“Wow,” Michael Chiumento III, the land use attorney, said this evening as he looked at the crowd of 200 in the Matanzas High School cafeteria. “25 years and I’ve never seen this.”
The crowd, restless well before the meeting started, had turned out to hear a presentation by developer Alex Ustilovsky and Chiumento about the proposed development that would convert much of the long-disused Matanzas golf course into nearly 300 homes, stormwater ponds and a strip of commercial development.
It did not go too smoothly, but nor did it get out of control. The crowd, made up of residents surrounding the golf course in north Palm Coast, wanted to hear the presentation, but was clearly predisposed to protest it as well, or at least aspects of it, such as its projected smaller lot sizes, smaller homes, its immediate proximity to existing homes, its effects on Belle Terre Elementary School, its proposed commercial swath.
“I don’t think people are opposed to the development. One of the big questions is the size of the lots,” a woman said, worried about how the smaller lot sizes and smaller homes would affect their own property values.
“You’re destroying people’s investments,” Brad West, another resident of the neighborhood, told the developer, standing between Chiumento and Ustilovsky in front of their maps and offering a long analysis of the proposal’s flaws, as homeowners see them. “I would like to see some better plans personally for the area along Lakeview,” he continued, addressing the high-density homes proposed along lakeview, also asking that the city continue to make efforts to convert multi-family parcels to single-family homes (those parcels don’t belong to Ustilovsky) and to diminish the impact of a proposed commercial strip along U.S. 1.
“It was constructive and specific things and I really appreciate what you said,” Ustilovsky told West, who got the only solid round of applause of the evening. But many other questions or comments were more prosecutorial than analytical or constructive, reflecting the residents’ anxiety about a development they feel may leave them with little say.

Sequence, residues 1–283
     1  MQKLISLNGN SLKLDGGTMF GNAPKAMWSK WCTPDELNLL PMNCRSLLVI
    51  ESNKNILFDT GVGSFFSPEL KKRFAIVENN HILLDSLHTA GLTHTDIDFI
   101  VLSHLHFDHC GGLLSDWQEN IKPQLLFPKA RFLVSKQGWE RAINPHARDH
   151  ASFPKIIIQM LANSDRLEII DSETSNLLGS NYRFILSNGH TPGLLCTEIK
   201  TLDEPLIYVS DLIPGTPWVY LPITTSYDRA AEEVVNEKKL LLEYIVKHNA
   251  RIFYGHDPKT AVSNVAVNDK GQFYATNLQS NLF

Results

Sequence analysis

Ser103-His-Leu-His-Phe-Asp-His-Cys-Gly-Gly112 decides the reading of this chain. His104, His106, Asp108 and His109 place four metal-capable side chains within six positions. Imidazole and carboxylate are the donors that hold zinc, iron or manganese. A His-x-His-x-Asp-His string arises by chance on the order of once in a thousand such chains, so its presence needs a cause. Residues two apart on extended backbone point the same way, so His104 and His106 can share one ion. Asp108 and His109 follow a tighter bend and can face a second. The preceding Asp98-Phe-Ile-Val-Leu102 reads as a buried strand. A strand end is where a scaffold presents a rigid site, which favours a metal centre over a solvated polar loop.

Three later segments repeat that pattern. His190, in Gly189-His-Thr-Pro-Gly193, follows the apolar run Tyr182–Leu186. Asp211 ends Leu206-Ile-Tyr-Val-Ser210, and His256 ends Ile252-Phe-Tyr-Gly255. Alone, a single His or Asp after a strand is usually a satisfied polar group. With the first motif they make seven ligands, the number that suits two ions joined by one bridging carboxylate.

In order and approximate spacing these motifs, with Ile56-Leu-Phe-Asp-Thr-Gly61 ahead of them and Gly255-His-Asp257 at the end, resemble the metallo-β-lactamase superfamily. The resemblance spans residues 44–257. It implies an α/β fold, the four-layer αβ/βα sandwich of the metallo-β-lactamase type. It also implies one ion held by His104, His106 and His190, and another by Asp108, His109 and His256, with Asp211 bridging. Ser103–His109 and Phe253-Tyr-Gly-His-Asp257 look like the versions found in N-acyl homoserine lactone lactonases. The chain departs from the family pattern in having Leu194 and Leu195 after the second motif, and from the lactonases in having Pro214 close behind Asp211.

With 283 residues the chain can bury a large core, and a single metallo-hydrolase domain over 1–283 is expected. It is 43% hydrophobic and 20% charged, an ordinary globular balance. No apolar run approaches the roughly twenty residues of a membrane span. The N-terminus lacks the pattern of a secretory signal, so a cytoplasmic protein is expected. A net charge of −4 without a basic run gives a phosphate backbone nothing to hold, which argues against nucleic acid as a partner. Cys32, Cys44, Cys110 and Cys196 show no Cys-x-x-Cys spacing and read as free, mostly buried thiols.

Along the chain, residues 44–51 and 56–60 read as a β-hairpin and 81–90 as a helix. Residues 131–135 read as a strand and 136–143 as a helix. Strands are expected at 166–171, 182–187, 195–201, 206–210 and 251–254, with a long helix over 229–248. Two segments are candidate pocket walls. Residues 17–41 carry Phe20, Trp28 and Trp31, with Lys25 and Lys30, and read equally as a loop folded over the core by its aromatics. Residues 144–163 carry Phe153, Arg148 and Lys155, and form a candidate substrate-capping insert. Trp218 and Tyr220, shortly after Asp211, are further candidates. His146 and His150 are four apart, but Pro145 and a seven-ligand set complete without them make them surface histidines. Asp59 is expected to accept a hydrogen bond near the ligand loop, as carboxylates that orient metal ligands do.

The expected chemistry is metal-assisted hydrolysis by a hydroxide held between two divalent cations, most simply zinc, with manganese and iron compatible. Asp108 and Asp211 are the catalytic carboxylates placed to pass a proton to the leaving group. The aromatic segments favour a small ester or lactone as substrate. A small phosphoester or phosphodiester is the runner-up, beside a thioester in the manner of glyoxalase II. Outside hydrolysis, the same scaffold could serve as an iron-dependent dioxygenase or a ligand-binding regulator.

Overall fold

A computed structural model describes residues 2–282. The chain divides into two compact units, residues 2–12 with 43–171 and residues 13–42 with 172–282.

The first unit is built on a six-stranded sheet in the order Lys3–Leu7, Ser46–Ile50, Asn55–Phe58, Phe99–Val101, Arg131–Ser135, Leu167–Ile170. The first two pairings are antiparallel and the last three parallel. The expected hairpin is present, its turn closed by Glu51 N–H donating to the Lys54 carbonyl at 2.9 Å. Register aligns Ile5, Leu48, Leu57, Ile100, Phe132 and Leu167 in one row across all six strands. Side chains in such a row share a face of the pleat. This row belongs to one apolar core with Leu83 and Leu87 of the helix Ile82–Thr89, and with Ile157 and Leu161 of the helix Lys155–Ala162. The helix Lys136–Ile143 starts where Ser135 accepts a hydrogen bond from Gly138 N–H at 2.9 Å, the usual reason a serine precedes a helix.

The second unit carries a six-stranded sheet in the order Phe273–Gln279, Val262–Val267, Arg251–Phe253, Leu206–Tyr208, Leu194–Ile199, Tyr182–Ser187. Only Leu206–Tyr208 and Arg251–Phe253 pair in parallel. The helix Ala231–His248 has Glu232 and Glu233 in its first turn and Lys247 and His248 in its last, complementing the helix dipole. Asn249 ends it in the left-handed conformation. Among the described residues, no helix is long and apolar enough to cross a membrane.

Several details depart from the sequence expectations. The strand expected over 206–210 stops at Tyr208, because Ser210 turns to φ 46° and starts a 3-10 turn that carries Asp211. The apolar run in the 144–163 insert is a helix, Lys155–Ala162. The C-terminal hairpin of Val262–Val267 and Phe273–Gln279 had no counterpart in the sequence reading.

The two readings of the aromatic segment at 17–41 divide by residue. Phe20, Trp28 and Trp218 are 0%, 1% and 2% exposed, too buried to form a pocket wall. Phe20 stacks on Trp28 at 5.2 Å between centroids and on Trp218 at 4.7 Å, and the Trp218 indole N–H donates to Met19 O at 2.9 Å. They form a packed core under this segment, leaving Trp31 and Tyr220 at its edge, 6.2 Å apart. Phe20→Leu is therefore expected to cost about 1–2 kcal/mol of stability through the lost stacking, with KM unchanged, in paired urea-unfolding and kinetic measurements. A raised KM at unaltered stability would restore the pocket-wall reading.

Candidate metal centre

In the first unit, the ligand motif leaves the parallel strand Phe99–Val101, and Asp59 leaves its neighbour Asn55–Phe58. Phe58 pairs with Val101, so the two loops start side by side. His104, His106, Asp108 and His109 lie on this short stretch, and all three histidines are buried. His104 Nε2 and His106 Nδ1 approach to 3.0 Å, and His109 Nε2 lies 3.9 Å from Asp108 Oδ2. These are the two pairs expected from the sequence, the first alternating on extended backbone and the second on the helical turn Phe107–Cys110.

“All these people have valid comments and please don’t discount them,” a woman said.
“It just feels like greed,” another–a lawyer–said, before getting into a brief verbal parry with Chiumento.
The meeting was organized by the developer, but required by the city before the development application goes to city staff and the matter goes before city boards. West had spoken nearly an hour into the meeting, by which time tempers had cooled a bit and a more conversational debate had developed between crowd and developer. But the opposition had been loud until that point, particularly when Chiumento or Ustilovsky tried to rationalize their vested rights.
“It’s important to know that the property has development rights,” Chiumento said. The discussion is “not whether there’s going to be development, but how we’re going to do that to minimize the impact and to do it in harmony” with the surroundings. “It can be developed, it will be developed,” he said.
That didn’t sit well with some in the audience. “It’s like a waste of time if you’re telling us it can and will be developed,” a man spoke up, triggering approving grumbles. .
“Let him talk, let him talk,” a woman said over the rising din.
“He’s going to give us a bunch of doubletalk,” the man said.
It took a moment but the grumbling died down, the man who’d raised the objection walked out in a theatrical huff, and Chiumento resumed his presentation.
He summarized the tangled history of the 278-acre golf course over the past six or seven years as the prior owner battled with the city over multiple code enforcement violations and legal issues that accumulated $700,000 or more in fines. Ustilovsky bought the property and took it out of bankruptcy.
Chiumento showed a “bubble diagram” indicating the conversion of swaths of lands from golf course to single-family homes, stormwater ponds or open space, a strip of light commercial development along U.S. 1 (and another small pocket of commercial development that was quickly rejected by the crowd), and small pockets of town houses. One long strip of land in the heart of the neighborhood would contain some 95 new homes, backing up directly onto existing homes. The bulk of the proposed development is “clustered” in areas north of the neighborhood.